Choosing Barstools: Wood or Metal?

Choosing barstools for your kitchen or home bar can be tough, especially if you’re not sure which material is best for these prominently displayed—and sometimes heavily used—seats. 

What the barstools or counter stools are made of is one of many decisions you’ll need to make before you can narrow down your top choices. Height, comfort, functionality and style are other important variables. Who knew buying residential barstools was this involved?

Are you looking for barstools or counter stools? Hint: Barstools are a few inches taller. Backless or with a backrest? There are upsides to both. Which is better: swivel seats or stationary ones? What about a footrest or arm rests? If they’re cushioned, should you choose leather or cloth upholstery

Even after you have all the ancillary details worked out, the big question still lingers: Will wood or metal barstools look and function best in your home? Wood and metal are traditionally solid choices, and they’re available in many different styles. We’ve compiled a list of pros and cons for each to help you settle the great kitchen stool debate once and for all.

Wood Bar Stools

Wooden bar stools have a lot going for them, starting with sturdiness. They’re hefty and durable, which is always great for family settings with high traffic. Kitchen bar stools, in particular, are a popular spot for snacks, conversation and homework. Chances are they’re going to get a lot of use, and you want a material that will hold up.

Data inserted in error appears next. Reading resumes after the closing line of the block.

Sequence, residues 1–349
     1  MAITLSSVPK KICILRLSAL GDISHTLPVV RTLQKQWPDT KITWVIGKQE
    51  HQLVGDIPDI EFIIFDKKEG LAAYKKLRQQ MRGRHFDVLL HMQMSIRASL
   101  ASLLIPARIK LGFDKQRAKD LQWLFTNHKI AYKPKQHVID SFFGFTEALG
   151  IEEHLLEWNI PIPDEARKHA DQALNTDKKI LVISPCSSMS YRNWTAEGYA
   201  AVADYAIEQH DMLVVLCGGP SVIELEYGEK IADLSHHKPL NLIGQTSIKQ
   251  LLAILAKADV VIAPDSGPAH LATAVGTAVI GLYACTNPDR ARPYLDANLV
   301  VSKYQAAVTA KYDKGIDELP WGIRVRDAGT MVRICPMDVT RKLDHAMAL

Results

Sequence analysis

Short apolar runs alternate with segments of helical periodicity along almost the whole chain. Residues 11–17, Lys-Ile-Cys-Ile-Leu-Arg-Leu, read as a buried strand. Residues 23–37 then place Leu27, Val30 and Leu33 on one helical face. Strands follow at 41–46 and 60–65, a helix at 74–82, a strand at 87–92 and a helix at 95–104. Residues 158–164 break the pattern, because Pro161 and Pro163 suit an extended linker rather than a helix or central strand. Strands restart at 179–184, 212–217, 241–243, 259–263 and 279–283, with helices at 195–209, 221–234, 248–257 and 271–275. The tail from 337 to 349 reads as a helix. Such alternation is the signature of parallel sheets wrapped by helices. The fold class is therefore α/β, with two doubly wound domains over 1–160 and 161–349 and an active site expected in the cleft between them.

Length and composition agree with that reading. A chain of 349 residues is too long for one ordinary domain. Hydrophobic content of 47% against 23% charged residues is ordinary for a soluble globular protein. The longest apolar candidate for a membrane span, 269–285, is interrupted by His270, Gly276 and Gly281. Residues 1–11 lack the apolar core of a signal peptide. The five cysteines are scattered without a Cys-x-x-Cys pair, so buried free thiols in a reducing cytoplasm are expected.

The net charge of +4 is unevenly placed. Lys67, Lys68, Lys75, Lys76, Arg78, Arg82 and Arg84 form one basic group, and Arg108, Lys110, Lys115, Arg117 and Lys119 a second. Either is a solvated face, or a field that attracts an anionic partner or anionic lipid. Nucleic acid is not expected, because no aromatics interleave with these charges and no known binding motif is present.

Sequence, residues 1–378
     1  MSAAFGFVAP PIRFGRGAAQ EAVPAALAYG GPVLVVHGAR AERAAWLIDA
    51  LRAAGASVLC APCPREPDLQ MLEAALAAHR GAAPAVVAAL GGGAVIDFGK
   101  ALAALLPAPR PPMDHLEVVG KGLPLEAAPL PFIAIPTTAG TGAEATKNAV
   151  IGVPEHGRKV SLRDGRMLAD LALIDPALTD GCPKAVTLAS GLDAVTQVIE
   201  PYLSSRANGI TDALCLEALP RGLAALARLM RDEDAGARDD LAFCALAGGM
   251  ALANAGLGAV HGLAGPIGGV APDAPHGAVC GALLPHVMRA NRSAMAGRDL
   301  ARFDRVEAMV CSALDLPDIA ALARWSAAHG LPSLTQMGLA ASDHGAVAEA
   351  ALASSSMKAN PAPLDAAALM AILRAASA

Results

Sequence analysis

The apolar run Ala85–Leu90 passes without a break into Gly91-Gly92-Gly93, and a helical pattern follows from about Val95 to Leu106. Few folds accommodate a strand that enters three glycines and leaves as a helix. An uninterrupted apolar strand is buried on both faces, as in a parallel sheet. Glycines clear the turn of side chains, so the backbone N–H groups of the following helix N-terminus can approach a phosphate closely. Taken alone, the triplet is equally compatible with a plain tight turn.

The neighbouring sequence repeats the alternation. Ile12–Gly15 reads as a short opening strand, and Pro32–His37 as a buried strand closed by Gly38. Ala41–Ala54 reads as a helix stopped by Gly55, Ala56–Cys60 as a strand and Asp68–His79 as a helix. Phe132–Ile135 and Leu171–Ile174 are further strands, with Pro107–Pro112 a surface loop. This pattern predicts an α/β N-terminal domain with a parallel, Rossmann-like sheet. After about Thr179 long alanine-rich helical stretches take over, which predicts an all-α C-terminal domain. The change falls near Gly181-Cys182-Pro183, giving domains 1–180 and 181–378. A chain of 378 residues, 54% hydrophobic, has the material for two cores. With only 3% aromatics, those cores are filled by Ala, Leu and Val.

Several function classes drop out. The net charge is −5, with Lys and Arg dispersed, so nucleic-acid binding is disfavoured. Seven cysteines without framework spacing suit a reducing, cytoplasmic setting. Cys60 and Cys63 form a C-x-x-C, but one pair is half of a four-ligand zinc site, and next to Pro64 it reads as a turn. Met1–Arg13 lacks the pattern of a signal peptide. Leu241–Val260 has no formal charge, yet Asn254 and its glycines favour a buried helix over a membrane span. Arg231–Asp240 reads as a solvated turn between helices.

Hardwoods like oak, birch and walnut not only look great, but are tough enough to handle the hard-knock life. And while more vulnerable to dents and divots, softwoods like pine are an affordable option that can brighten up a space with its pale yellowish tint. If durability is high on the list, we recommend hardwood bar stools.

Depending on the type of wood, bar stools may not respond well to spills and stains—especially ones left on the surface for an extended period. Finished wood that’s been stained or lacquered will help guard against those kitchen mishaps. But when they do happen, here are some tips for how to clean wooden bar stools.

Practical considerations aside, wood bar stools can give your kitchen a stylish flair or cozy touch. They can be traditional and inviting or sleek and modern. Either way, the wood’s natural tones will exude warmth. That said, be prepared to spend more—solid wood bar stools are typically pricier than the alternatives.    

Metal Bar Stools

If you thought wood bar stools were rugged and easy to clean, metal bar stools are nearly indestructible—and wiping them down is a cinch. Bar stools with iron, steel and chrome frames are popular for these reasons, as well as the polished industrial vibe they put off. 

Metal counter stools mesh well with the shiny tidiness of stainless-steel kitchen appliances. They bring an air of cleanliness—both literally and in the lines they create for the eye. The sheer variety of metal bar stools presents a universe of possibilities. Embrace the utilitarianism of stackable stools, go glam with trending gold or unleash a whimsical burst of color

As we mentioned, metal bar stools stand up well against wear and tear. But what they make up for in longevity, they can lack in comfort. Without cushions, your hind quarters might get sore from sitting on the hard surface. A hybrid bar stool with a sturdy metal frame and upholstered cushion may be just what you need.


Whichever you choose as the right fit for your home, we offer this tip: buy your barstools pre-assembled. At Lifestyles Furniture, we have decades of furniture experience and have seen time and again that pre-assembled stools are higher quality and will last much longer than ones you have to assemble.

Need help finding the right set of barstools or counter height stools? Our diverse selection of at home bar stools includes many different styles. And like most items at Lifestyles, we have customizable options! Contact us today for a consultation.

Jerome Rackers

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